Posts by Sucaad Mire

Investor Was Targeted for Arrest in Puntland Operations
09/08/2011
Pirates in Puntland
©Somalia Report
Pirates in Puntland

A well-known pirate investor based in Bosaso, who was wounded as Puntland security forces tried to arrest him last Thursday evening, has accused a Puntland official of asking for a bribe to cancel the operations against him.

Mohamed B. Omar, speaking from a heavily guarded house in eastern Bosaso, told Somalia Report he was sick of Puntland officials extorting money from him to allow him to operate in piracy. A clan militia defended Omar in the fight, which killed three, and he said he was now hiring more militiamen to act as a security force.

Omar alleged that the vice commissioner of Bari police, Mr Jaqanaf called him a day before the attack to make his offer.

“He said to me that you are pirate and committing wrongdoing against public, so you have to pay money to cancel the operation against you,” he said. “I repeatedly said to him that I will never pay a bribe, and urged him to stop bullying me.”

Omar said clan differences were behind the attack.

However, Bari’s police commissioner, Abdi Ferrey, denied the allegation, telling Somalia Report that Puntland does not work with pirates.

“The Puntland security officials are well-disciplined and trained, so it is impossible for them to be involved in such humiliating acts,” he said. “That guy accusing us wants to spark violence here in Bosaso and we are following the news he is enlisting a clan militia to defend himself.”

Pirate "Marriages" Increase Cost of Marriage in Puntland
09/24/2011
Pirates Counting Ransom (File Photo)
Somalia Report
Pirates Counting Ransom (File Photo)

In Somalia’s semi-autonomous region of Puntland, the cost of marriage has skyrocketed in the last six months as ransoms from hijacked vessels are received and women from neighboring regions and countries flock to Puntland's pirate hubs in search of men with cash.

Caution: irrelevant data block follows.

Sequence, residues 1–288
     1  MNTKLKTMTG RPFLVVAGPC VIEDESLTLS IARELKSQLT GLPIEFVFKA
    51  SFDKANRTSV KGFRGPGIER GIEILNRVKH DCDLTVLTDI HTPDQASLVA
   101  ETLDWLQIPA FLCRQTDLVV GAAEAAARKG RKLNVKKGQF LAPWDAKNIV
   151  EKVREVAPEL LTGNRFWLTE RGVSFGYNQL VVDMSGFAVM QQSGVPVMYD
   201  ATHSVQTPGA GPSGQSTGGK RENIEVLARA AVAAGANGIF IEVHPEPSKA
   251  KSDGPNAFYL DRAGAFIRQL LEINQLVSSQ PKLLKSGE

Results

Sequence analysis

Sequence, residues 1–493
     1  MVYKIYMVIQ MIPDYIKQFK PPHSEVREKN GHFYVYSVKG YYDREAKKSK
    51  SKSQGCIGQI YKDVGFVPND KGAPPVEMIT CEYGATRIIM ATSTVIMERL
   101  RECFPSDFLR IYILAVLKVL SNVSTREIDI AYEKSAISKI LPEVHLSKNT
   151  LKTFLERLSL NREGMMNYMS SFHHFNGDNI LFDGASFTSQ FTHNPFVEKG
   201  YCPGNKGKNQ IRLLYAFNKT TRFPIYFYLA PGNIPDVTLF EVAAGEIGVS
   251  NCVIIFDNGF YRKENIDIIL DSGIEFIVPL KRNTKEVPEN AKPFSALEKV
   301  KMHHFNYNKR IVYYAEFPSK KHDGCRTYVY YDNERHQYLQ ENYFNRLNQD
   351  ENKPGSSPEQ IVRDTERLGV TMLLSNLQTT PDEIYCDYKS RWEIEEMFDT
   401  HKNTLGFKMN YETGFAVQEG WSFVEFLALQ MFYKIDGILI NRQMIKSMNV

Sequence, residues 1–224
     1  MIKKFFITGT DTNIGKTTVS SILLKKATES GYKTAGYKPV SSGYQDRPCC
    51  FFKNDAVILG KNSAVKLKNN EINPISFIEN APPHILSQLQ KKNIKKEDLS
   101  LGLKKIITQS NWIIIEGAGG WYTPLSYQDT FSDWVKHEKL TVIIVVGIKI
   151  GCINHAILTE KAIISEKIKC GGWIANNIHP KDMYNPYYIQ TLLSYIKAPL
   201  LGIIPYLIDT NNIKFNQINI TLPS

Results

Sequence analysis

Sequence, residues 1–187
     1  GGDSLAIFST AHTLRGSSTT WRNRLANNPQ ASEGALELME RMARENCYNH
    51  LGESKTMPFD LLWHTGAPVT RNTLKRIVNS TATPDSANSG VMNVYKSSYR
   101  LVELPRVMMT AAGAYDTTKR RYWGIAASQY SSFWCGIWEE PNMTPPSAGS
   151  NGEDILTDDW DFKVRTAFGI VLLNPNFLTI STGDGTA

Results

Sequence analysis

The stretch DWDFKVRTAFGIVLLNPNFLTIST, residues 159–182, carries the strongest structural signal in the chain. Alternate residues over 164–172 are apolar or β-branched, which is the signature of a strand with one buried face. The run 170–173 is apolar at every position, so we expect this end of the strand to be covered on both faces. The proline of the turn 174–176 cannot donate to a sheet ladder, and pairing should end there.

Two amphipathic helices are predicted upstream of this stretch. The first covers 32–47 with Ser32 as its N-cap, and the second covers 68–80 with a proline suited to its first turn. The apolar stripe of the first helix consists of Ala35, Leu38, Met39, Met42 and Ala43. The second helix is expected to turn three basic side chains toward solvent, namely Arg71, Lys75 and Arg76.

The pirates are allegedly spending a whooping US$35,000 for marriage, while the locals have to pay up to US$5000 to get themselves a wife.

“It really affected me. I divorced my husband and I married a pirate who works in Garacad. For the first few months we had a good time, but then he began to go out with another woman after he got another ransom. Finally I asked for a divorce and came back to my parents' home in Galkayo,” complained Anab Jama, a mother of two children, when she spoke to Somalia Report.

Local elders are upset at the pirates' need for women, and their attempts to slow the effects of increasing costs are not working.

“For marriages, pirates spend a lot of ransom money on one night. The money is forbidden in the Muslim religion since it is haram. It has increased the cost of marriage for locals,” Abdulkadir Ahmed Ibrahim, a traditional elder in Bari Region, told Somalia Report.

Local officials agree that pirate ransoms have a negative affect on the local community.

“Pirate ransom affects families deeply. Sometimes it causes divorce because the pirates like to marry new, beautiful women. We need to make people aware of this and stop it," said Puntland Minister of Women and Development Family Asha Geelle Diriye.

“New pirates are mostly from outside the cities so they don’t understand that ransom money is temporary. They don't understand thei rnew job as a pirate. They believe that it is a permanent job and they will be millionaires so they use their ransom for a high cost marriages,” she added.

Fights among pirates have increased in recent months over women and drugs.

Drought Decimates Livestock, Hits Incomes
09/28/2011
Businessmen and pastrolists from Somalia's semi-autonomous region of Puntland are expecting to export millions of livestock, mostly sheep, to the Arabian Peninsula during Holy month of Hajj.

This comes after Saudi Arabia lifted a ban on the import of livestock from Somalia in 2009 imposed nine years earlier to prevent the spread of disease.

According to businessmen in Puntland's commercial city Bosaso, more than half a million livestock are ready for exportation to Saudi Arabia within this week.